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new to C# so I'm having an issue with a short-hand statement. I want to convert...

if (m_dtLastLogin == null)
    drow["LastLogin"] = DBNull.Value;
else
    drow["LastLogin"] = m_dtLastLogin;

to

drow["LastLogin"] = (m_dtLastLogin == null) ? System.DBNull.Value : m_dtLastLogin;

The long-hand version works great, however, the short-hand version generates the error "Type of conditional cannot be determined because there is no implicit conversion between 'System.DBNull' and 'System.DateTime?'". My supporting code is basically...

private DateTime? m_dtLastLogin;
m_dtLastLogin = null;
DataRow drow;
drow = m_oDS.Tables["Users"].Rows[0];

Can someone help me with the short-hand here?

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2  
?: is not a "single line if", it's simply the conditional operator. –  Oliver Charlesworth Mar 4 '12 at 16:35
    
?: must return the same type in both conditions... –  sebagomez Mar 4 '12 at 16:37
    
BTW: I would ask m_dtLAstLogin.HasValue –  sebagomez Mar 4 '12 at 16:38

2 Answers 2

up vote 5 down vote accepted

Well, the error message is pretty clear. The compiler needs to determine the type of the whole x?y:z expression. If y and z have the same type, it's easy. If y is convertible to z, the type of the expression is that of z, likewise if z is convertible to y the type is that of y.

In your case the type of y is DBNull, the type of y is the type of m_dtLastLogin (probably a datetime). Those two types cannot be converted into each other and have no common base type (except for Object), so the compiler doesn't know what to do.

You can help the compiler, however, by casting either y or z to object:

drow["LastLogin"] = (m_dtLastLogin == null) ? (object)System.DBNull.Value : m_dtLastLogin;

or

drow["LastLogin"] = (m_dtLastLogin == null) ? System.DBNull.Value : (object)m_dtLastLogin;

This way the whole expression has the type object, which can then be assigned to drow["LastLogin"].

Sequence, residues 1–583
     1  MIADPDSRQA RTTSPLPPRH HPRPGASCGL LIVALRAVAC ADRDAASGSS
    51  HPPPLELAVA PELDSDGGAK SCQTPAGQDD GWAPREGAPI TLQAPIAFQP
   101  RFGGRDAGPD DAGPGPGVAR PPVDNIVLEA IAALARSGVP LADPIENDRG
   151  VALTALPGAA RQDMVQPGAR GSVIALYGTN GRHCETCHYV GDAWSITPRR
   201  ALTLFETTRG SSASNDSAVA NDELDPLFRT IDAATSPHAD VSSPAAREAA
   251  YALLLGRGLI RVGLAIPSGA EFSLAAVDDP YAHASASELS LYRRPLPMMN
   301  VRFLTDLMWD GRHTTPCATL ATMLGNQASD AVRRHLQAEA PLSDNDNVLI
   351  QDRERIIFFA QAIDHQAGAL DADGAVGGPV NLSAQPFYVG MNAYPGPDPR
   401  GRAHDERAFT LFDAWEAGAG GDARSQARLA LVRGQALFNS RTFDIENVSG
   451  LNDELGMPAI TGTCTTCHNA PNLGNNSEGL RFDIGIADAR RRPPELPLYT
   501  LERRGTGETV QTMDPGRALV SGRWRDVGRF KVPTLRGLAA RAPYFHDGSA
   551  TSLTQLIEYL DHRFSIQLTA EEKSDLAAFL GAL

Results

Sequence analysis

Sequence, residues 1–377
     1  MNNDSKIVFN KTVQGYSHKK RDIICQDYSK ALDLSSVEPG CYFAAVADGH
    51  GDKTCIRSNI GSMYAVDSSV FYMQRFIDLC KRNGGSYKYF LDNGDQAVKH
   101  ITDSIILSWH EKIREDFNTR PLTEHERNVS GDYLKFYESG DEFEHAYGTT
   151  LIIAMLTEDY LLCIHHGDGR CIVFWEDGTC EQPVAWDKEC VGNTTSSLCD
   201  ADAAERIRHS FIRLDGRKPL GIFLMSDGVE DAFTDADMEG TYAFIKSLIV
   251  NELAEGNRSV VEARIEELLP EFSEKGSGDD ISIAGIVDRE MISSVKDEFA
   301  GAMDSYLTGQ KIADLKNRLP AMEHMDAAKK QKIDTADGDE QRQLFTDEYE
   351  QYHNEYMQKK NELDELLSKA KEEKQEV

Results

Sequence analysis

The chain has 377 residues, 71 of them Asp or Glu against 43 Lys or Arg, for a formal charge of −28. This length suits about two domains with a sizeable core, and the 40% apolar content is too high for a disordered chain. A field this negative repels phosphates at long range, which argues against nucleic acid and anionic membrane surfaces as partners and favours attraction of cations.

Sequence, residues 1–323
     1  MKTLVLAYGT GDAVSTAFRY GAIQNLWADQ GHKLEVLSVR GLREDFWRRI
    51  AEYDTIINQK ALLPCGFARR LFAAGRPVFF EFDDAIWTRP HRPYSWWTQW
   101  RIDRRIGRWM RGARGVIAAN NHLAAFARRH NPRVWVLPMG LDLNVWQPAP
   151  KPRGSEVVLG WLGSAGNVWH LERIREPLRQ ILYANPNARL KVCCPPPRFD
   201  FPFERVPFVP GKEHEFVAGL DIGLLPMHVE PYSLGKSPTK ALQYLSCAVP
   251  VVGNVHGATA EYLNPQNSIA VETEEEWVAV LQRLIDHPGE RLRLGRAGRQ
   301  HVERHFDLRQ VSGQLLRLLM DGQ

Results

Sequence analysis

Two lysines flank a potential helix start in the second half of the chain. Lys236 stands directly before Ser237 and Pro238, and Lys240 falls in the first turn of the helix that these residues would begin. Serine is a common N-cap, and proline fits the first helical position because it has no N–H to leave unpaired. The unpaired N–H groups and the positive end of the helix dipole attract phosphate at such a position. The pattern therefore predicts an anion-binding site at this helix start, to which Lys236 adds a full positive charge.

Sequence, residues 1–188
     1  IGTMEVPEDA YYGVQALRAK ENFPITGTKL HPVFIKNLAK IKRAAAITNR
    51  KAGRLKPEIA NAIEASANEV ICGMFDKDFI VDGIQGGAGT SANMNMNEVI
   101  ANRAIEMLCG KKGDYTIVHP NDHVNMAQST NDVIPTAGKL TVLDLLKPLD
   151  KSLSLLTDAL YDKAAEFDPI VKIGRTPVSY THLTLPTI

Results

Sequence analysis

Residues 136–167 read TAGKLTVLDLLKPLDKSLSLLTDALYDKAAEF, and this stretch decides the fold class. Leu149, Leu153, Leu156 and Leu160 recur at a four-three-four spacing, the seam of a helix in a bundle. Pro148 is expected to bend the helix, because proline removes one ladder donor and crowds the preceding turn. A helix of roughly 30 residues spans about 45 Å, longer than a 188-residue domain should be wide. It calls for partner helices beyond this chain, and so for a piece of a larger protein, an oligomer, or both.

Reference: C# language specification - http://www.ecma-international.org/publications/files/ECMA-ST/Ecma-334.pdf

Section 14.13, Conditional operator

Quote

The second and third operands of the ?: operator control the type of the conditional expression. Let X and Y be the types of the second and third operands. Then,

  • If X and Y are the same type, then this is the type of the conditional expression.

  • Otherwise, if an implicit conversion (§13.1) exists from X to Y, but not from Y to X, then Y is the type of the conditional expression.

  • Otherwise, if an implicit conversion (§13.1) exists from Y to X, but not from X to Y, then X is the type of the conditional expression.

  • Otherwise, no expression type can be determined, and a compile-time error occurs.

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Makes sense. I was getting too specific of an object with (DateTime?)System.DBNull.Value –  Curtis Mar 4 '12 at 16:43
    
I've added a reference to the language specifications. –  Andre Loker Mar 4 '12 at 16:47

Cast both to "object":

drow["LastLogin"] = (m_dtLastLogin == null) ? (object)System.DBNull.Value : 
    (object)m_dtLastLogin;

The conditional operator requires that both parts (the "then" and "else" part) evaluate to the same type, which will be the result type of the expression.

Your original version worked without casts, because it ended up in a field of type object.

share|improve this answer
    
The two parts don't need to have the same type. They only need to be convertible to one common type. –  Andre Loker Mar 4 '12 at 16:39

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